Chapter

The Developmental Psychobiology of Stress and Emotion in Childhood

Developmental Psychology

II. INFANCY AND EARLY CHILDHOOD

  1. Camelia E. Hostinar1,
  2. Megan R. Gunnar2

Published Online: 26 SEP 2012

DOI: 10.1002/9781118133880.hop206005

Handbook of Psychology, Second Edition

Handbook of Psychology, Second Edition

How to Cite

Hostinar, C. E. and Gunnar, M. R. 2012. The Developmental Psychobiology of Stress and Emotion in Childhood. Handbook of Psychology, Second Edition. 6:II:5.

Author Information

  1. 1

    University of Minnesota, Institute of Child Development, Minneapolis, Minnesota, USA

  2. 2

    University of Minnesota, Institute of Child Development, Minneapolis, Minnesota, USA

Publication History

  1. Published Online: 26 SEP 2012

Abstract

Under what conditions does stress exposure in childhood induce vulnerability, and when does it promote resilience? In this chapter we review what is known about the developmental psychobiology of stress systems, aiming to articulate the current state of our knowledge on this question. We review the anatomy and physiology of stress systems and some of their complex interconnections, followed by a discussion of what is known about the ontogeny of these systems and the way individual differences in their activity might emerge. We review studies of stress reactivity and regulation during each major developmental period between prenatal life and adolescence. Then we discuss findings related to temperamental, genetic, and caregiving factors that may underlie individual differences in stress reactivity. We conclude with some thoughts about the need for basic research examining the development of stress systems at multiple levels of analysis, hopefully informing a comprehensive, biologically plausible model of stress and emotion across the lifespan.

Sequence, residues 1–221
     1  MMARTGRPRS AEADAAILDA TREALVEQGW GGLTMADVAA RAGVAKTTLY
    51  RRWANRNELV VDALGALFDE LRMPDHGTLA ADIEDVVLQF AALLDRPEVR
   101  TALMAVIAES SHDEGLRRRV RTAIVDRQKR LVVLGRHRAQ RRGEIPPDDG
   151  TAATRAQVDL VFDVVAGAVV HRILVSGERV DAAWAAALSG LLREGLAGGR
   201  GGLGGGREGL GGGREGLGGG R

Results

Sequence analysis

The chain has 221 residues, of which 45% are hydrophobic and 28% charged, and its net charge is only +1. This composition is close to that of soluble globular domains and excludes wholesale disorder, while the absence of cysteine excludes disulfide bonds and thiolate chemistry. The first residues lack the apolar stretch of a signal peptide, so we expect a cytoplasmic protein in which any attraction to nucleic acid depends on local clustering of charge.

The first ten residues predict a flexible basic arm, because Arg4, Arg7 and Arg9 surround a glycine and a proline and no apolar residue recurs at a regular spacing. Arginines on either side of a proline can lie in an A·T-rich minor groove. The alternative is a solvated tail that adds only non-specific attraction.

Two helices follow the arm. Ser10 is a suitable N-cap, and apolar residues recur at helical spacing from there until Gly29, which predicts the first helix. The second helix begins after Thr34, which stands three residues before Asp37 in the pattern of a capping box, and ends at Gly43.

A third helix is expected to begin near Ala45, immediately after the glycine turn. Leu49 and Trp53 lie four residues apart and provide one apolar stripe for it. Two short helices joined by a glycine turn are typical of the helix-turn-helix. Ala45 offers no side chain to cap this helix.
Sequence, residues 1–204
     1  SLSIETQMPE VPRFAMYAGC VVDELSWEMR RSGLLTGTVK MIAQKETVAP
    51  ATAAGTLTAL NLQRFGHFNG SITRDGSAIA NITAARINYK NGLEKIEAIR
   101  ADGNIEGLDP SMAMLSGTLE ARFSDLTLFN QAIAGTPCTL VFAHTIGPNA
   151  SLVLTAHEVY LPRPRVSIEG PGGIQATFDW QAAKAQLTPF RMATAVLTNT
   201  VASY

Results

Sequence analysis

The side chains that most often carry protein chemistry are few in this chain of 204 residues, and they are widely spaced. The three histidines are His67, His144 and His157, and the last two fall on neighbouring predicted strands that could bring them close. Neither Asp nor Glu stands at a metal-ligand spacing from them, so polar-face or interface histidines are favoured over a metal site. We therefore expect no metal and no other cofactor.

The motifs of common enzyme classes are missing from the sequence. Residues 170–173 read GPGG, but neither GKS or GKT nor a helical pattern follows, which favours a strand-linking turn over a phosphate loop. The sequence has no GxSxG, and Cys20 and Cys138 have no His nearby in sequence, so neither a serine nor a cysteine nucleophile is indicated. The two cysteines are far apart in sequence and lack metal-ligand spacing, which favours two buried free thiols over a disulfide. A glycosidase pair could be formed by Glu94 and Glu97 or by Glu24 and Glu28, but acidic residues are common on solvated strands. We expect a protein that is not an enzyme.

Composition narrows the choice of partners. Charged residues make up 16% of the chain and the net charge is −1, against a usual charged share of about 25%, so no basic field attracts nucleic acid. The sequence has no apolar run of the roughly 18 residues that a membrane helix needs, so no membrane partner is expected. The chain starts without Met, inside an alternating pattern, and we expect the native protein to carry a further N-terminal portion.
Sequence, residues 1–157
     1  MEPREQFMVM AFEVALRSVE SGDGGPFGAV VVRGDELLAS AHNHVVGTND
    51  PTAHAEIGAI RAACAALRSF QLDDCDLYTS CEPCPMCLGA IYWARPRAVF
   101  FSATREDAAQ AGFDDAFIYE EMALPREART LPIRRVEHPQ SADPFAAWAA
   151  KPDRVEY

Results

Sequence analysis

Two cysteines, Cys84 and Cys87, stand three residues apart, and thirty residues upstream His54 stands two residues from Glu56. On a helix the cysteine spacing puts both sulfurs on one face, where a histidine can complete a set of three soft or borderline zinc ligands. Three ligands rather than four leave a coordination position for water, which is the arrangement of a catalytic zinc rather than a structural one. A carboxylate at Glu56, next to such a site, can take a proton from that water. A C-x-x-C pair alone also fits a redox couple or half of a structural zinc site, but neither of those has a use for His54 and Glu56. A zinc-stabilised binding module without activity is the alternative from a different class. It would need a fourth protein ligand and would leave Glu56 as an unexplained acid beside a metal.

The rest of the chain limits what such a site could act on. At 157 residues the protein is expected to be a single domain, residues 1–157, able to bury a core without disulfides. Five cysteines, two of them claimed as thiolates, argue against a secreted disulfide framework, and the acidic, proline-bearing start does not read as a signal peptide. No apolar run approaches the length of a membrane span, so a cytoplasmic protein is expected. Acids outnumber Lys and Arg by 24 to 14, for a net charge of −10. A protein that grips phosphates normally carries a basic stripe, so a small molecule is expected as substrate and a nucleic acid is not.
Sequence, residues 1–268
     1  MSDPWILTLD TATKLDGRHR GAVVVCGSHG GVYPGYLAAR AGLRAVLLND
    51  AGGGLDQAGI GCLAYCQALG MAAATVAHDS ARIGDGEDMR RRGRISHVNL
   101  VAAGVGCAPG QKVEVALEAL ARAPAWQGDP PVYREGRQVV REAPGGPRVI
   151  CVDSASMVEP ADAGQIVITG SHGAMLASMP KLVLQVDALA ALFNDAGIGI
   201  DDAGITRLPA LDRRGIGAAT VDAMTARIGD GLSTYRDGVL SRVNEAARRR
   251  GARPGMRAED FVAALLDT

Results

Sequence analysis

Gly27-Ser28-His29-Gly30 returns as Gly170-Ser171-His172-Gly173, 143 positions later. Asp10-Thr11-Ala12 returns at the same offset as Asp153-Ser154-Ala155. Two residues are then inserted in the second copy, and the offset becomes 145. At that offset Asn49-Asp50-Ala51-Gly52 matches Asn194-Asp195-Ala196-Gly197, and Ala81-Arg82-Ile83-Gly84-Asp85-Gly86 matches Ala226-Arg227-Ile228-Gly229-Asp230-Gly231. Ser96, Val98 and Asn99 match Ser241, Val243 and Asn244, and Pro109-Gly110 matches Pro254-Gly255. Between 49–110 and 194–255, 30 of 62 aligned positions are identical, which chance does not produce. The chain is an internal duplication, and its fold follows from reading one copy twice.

Keywords:

  • stress psychobiology;
  • emotion;
  • childhood